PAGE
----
Now if we could only get dad Jesse Sr. in jail where he belongs, along with his fellow worthless race pimp Rev. Al...

Going in (maybe):
Sgt. Bowe Bergdahl, who was held five years after being captured by the Taliban when he left his remote post in Afghanistan, was charged Wednesday by the Army with desertion and misbehavior before the enemy.
To say that this is a controversial and emotionally-charged case would be a massive understatement.
Charges that Army Sgt. Bowe Bergdahl deserted and endangered his post in Afghanistan intensify the debate over his politically wrought release: Should he spend years in prison as punishment for endangering soldiers who risked their lives to find him?

Or was five years as a Taliban captive, where he was so isolated officials suggested it had affected his ability to speak English upon his return to the U.S., punishment enough?
Based on the charges, the death penalty was an option. However, that has been ruled out.
Bergdahl, 28, won't face a death sentence, although the punishment is an option for prosecutors to pursue against deserters in wartime. But his case does raise the question of whether military prosecutors will lock away for life a man the U.S. gave up five imprisoned Taliban commanders to bring home.

A death penalty case was likely a non-starter after all that had to be sacrificed to bring him home, said Jeffrey K. Walker, a St. John's University law professor, retired Air Force officer and former military lawyer. In fact, his defense attorney might successfully argue he deserves leniency after years as a prisoner.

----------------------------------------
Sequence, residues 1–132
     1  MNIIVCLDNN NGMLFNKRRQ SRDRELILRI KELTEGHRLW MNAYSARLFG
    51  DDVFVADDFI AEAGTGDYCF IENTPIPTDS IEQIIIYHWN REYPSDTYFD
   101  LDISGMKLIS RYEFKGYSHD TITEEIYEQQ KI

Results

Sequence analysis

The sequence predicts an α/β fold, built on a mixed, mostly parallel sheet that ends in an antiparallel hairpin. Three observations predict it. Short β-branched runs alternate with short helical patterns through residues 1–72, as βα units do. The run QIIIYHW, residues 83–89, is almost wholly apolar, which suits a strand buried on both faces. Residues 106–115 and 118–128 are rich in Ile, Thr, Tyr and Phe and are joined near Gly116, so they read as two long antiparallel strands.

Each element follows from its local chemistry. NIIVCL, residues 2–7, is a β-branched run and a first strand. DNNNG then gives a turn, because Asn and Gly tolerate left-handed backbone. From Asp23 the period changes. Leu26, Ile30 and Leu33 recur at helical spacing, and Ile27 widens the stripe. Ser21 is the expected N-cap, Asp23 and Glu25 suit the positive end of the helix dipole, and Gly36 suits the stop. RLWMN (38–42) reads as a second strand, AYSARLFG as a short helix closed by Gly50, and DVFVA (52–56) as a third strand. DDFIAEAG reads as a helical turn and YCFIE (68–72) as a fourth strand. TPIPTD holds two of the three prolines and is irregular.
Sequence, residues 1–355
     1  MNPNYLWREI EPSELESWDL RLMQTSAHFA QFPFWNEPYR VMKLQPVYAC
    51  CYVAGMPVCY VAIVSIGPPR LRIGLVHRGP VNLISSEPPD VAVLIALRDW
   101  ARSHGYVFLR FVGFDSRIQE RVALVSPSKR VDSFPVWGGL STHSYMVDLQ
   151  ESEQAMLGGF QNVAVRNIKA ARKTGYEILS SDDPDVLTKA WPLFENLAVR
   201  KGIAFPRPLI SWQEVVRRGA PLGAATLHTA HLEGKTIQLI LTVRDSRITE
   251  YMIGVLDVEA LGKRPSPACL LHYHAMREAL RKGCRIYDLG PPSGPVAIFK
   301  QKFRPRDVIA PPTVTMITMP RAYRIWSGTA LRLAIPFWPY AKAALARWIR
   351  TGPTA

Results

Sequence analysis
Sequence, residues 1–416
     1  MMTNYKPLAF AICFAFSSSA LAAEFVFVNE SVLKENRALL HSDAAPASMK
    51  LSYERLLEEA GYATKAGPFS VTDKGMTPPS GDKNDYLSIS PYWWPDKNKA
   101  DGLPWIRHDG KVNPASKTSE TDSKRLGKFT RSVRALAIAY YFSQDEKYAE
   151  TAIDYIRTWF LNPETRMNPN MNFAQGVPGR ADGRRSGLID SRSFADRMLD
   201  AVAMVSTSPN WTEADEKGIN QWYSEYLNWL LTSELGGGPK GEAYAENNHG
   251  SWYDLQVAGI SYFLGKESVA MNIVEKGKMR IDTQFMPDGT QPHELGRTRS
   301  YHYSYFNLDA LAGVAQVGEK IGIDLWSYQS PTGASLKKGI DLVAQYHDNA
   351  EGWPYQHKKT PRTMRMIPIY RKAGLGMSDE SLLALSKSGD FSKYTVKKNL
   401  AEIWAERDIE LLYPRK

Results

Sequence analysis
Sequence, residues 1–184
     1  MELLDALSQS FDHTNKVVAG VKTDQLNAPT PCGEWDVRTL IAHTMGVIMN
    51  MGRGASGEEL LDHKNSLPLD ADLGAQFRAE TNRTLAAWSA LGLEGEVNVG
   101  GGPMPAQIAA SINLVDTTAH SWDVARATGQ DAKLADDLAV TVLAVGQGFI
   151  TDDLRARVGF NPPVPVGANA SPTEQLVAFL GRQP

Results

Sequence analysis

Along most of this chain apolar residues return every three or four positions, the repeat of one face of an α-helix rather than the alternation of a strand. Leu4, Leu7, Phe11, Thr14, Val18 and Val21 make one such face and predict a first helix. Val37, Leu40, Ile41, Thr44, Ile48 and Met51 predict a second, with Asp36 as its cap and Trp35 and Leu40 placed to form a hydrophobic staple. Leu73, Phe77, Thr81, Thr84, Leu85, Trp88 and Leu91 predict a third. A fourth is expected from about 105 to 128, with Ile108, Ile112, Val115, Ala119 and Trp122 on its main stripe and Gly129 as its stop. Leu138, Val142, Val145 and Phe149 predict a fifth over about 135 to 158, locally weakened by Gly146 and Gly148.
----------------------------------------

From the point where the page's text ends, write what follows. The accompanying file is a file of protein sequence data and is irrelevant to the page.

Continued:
However, the charges underscore the military's position that the hardship of his captivity doesn't outweigh the ramifications of leaving his post.
Some members of his former unit have called for serious punishment, saying others risked their lives searching for him.

"The military's obviously a very rough job. ... But everybody else stayed with the oath and did what they signed up to do. And as a result of that, some didn't get to come home," said Cody Full, 26, who served in Bergdahl's platoon.
IMO the judges should give serious weight to the views of those who served with him. They went through the same hardships Bergdahl did, and put their lives on the line looking for him after he disappeared. They did their duty. He didn't.

Then there's the trade-for-terrorists aspect.
Michael Waddington, a military defense lawyer not involved with Bergdahl's case, said he expected a long prison sentence and wondered why the U.S. bothered to bring him back.

"The administration traded known Taliban for this guy only to bring him back and put him in jail," Waddington said. "That seems to me like a waste of resources."
Not only a waste of resources, but a move that increases the threat we face.
Bergdahl was freed on May 31, 2014, after the White House agreed to trade five high-value Taliban operatives held at Guantanamo Bay.

The trade was branded as illegal by lawmakers, who said they weren’t advised beforehand, It was also blasted by critics who said it violated America’s longstanding tradition of not negotiating with terrorists. There were also concerns – which would prove well-founded – that the Taliban members would return to the fight against the West.